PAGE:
Practicing Self-Care During a Pandemic

Published by Jordan Quaglietta on

Whether you already have existing mental health issues or began experiencing them during the pandemic, it can be a frustrating, lonely, and even scary thing to deal with. Some individuals may feel anxious and depressed from the social isolation and extreme life changes. Others may be dealing with grief from the loss of a loved one. And some may be overwhelmed with trying to juggle life at home with kids and a spouse.

It’s a lot. 

Things can begin to feel like too much; however, there are coping strategies that you can do to help them during this difficult time.

It’s all about self-care! 

Did you know that the idea of self-care (along with the research surrounding it!) has been around for over 70 years?

There has been an impressive rise in the number of self-care publications over time. A search of PubMed conducted in June 2019 revealed that the first self-care publication was in 1946, with a peak in 2015 when 2457 articles were published on the topic. The term self-care was added to the Medical Subject Headings of the National Library of Medicine in 1981 and defined as caring for self when ill, or [engaging] positive actions and adopting behaviors to prevent illness (Science Direct). 

Psych Central has a wonderful definition of what self-care IS and what it IS NOT.

What is self-care?

Self-care is any activity that we do deliberately in order to take care of our mental, emotional, and physical health. Although it’s a simple concept in theory, it’s something we very often overlook. Good self-care is key to improved mood and reduced anxiety. It’s also key to a good relationship with oneself and others.

What self-care is not…

Knowing what self-care is not might be even more important. It is not something that we force ourselves to do, or something we don’t enjoy doing. As Agnes Wainman (in the article) explained, self-care is “something that refuels us, rather than takes from us.”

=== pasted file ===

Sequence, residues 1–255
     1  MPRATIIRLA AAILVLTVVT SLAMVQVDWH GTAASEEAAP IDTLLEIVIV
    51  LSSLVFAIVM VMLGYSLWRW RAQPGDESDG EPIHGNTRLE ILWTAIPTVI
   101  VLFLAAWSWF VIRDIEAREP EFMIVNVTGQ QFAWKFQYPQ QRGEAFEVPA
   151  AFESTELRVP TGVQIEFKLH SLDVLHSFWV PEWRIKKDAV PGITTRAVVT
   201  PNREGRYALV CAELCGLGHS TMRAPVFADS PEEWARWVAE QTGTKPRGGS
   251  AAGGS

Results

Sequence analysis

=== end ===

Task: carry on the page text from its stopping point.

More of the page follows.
Self-care isn’t a selfish act either. It is not only about considering our needs; it is rather about knowing what we need to do in order to take care of ourselves, being subsequently, able to take care of others as well. 

It’s time to reflect… 

What does self-care mean to you? 

Do your self-care methods actually restore your physical and emotional well-being? 

It’s also time to start building your self-care toolbox! 

Some self-care practices include:

  • Using deep breathing, temperature change, and touch to regulate emotions
  • Practicing mindfulness activities such as coloring, listening to nature sounds 
  • Going on nature walks, laying in my hammock, going on hikes 
  • Challenging negative self-talk with positive affirmations
  • Snuggling with a pet or loved one, laying under my weighted blanket, reading
  • Eating healthy and exercising 
  • Practicing just being—literally not doing anything and taking it all in
  • Talking on the phone or Zooming with friends and family
  • Giving yourself grace

It is important to remember that your experiences may not look like others’. Your feelings, emotions, and reactions may be completely different than another individual and that’s okay. 

Be sure to find self-care strategies that work for you and start practicing them to help alleviate your stress during this unpredictable and difficult time.

Hang in there! 

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Categories: Informational


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